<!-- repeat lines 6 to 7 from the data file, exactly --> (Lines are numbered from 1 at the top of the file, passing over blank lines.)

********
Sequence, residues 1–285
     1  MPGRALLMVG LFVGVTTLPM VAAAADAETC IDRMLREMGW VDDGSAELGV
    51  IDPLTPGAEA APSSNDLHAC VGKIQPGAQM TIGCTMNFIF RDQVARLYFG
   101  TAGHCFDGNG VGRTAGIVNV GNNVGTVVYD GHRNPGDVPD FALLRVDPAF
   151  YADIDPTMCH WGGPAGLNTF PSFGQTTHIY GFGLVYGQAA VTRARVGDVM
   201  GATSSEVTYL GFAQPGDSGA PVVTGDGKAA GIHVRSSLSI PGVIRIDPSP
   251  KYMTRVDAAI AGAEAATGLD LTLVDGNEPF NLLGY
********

   201  GATSSEVTYL GFAQPGDSGA PVVTGDGKAA GIHVRSSLSI PGVIRIDPSP
   251  KYMTRVDAAI AGAEAATGLD LTLVDGNEPF NLLGY